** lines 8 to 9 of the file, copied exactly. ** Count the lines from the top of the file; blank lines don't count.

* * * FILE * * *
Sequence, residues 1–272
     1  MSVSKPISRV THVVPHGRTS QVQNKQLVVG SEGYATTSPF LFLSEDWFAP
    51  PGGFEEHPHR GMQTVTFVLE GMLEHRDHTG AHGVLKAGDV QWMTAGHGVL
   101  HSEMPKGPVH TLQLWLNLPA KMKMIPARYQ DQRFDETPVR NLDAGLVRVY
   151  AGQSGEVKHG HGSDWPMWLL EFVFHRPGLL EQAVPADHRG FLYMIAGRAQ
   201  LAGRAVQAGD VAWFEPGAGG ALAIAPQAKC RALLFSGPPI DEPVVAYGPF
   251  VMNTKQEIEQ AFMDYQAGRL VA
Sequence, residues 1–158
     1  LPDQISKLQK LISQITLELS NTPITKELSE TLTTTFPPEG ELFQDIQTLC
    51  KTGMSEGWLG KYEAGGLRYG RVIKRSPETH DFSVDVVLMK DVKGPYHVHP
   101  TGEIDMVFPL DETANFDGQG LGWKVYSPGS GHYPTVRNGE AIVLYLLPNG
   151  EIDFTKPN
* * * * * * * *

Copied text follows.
Sequence, residues 1–158
     1  LPDQISKLQK LISQITLELS NTPITKELSE TLTTTFPPEG ELFQDIQTLC